10.    Contemporary Nest of Table
The Myakka classic, the nest of tables makes the perfect present. They are perfect for small spaces and for those who love to entertain. This neat nest of three tucks away neatly when not in use but provides three useful surfaces when needed. All made from solid Sheesham wood.

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Movember Update – Week Three

Monday, 26 November 2012

As we have moved into week three of Movember the Mo’s are really beginning to take shape of the Myakka guys top lips and are now a lot more photogenic! The Mo’s now almost look like proper moustaches and less like they have forgotten to shave!

Movember really does raise awareness and more and more poeple are aware of Movember and the reasons behind growing the Mo.

Don’t forget the boys are doing this for a great cause and you can help by making a donation to help improve men’s health. You can donate and support the ‘Myakka’ team, any individual or just make a general donation. Making a donation is really simple and anything you give will be going towards helping Movember's men’s health partners such as Prostate Cancer UK and The Institute of Cancer Research.

To make a donation to this great cause simply click here

Simply search for the Myakka team to support our efforts or make a general donation, every little really helps. It really is very simple.

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Get 10% off when you spend £200 or more

Thursday, 22 November 2012

A little help with your Christmas shopping from Myakka…

Whether you’re getting your home ready for the festive season with our beautiful hardwood furniture and home accessories, or stocking up on fair trade gifts for friends and family, this is a great opportunity to boost your shopping powers by 10%!

Simply quote ‘MINCEPIE’ at the checkout to claim your discount.

Order value excludes delivery charge. This offer is only available to use once per person and cannot be used in conjunction with any other offer or promotion.
Valid until 3rd December only.

Hurry – shop now for guaranteed pre-Christmas delivery on all in stock items.

Somerset Business Awards 2012 Update

Wednesday, 21 November 2012

On Friday evening 10 of the Myakka team attended the Somerset Business Awards at Somerset County Cricket Club for a lavish awards ceremony. The evening we had all been waiting for had finally arrived and we were ready to find out how we had done in the Service Excellence Award. We are always so excited and very flattered to be finalists for these exciting awards.

This was our third time at the Somerset Business Awards and it is always a great evening with great food and a lovely atmosphere. As soon as the four course dinner was finished it was time for the all-important awards ceremony. The Service Excellence was the first award of the evening so we didn’t have to wait long to find out how we had done. After the three finalists were announced and a short film was shown for each of the finalist the winner was announced. We came second and we are very proud of this result. We pride ourselves on our levels if customer service and we always try and exceed our customer’s expectations and getting this recognition was a great result for us.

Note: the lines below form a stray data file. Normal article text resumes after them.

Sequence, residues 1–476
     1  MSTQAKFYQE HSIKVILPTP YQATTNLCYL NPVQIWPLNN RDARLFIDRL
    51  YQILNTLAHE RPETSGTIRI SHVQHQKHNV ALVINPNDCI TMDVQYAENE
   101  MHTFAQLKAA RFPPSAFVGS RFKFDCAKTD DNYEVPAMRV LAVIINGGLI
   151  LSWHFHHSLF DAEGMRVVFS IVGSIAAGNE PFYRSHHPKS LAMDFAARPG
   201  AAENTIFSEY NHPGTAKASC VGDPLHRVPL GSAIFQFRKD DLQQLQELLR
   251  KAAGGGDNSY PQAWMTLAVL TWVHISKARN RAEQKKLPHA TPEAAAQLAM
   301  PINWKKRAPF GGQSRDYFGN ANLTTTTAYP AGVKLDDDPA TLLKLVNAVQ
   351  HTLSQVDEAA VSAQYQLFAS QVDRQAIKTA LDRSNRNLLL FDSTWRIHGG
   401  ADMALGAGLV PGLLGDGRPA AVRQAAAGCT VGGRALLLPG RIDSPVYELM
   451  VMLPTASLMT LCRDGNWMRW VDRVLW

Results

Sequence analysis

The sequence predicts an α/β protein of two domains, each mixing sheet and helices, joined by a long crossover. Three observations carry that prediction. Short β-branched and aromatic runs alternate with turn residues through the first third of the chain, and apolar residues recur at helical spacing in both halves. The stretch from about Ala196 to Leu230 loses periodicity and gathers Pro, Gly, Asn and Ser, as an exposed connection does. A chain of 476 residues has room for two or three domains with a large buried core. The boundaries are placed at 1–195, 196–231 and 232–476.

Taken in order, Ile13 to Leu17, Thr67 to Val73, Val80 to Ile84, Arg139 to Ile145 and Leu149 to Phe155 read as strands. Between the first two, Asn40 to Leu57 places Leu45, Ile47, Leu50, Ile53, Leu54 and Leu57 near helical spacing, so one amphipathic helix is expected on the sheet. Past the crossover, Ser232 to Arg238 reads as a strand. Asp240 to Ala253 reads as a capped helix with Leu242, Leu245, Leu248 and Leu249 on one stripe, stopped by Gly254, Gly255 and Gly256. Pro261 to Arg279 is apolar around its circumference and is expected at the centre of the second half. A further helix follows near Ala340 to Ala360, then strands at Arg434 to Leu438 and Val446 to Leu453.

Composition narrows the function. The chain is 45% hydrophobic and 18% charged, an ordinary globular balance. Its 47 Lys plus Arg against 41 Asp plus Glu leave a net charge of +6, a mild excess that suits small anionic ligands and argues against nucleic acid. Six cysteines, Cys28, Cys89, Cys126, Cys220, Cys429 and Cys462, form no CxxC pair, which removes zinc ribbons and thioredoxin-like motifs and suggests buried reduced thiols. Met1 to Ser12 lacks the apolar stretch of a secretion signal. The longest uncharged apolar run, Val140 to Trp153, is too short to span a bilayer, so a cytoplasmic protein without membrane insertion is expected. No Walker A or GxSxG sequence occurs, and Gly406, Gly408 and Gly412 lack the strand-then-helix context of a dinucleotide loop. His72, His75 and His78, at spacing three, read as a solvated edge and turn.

The whole team had a great evening. The food was delicious and the cheese board was as good as last year with massive slices of cheese! We were up against some stiff competition and the winners were all very worthy. 

The aim of the awards is to raise the profile of business is Somerset both locally, nationally and even internationally. It is great to see so many other local businesses doing so well.
Congratulations to all the winners and all the runners up!

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Gardening Through the Dark Months

Monday, 19 November 2012

Georgie from CommonFarm Flowers is back with her next instalment of her guest blog for us, this time about gardening through the winter months. With her positive outlook towards looking forward to spring and ideas on what to plant now, it really is a great read for any gardening fans....

I find that the more I garden the less I notice the winter.  Not because the days are any longer or the nights any lighter, but because I never stop planting for the next light season, and the promise of next year is always there.  From September when I clear the still-flowering sweet peas out of their beds and compost them, to October when the rest of the annuals are ripped out and the bare beds mulched with well-rotted horse manure, and on through November when the cold nights have me reaching for the kindling, the matches, and a fire, here at Common Farm Flowers there’s always planting to be done, and often there are signs of the spring to come.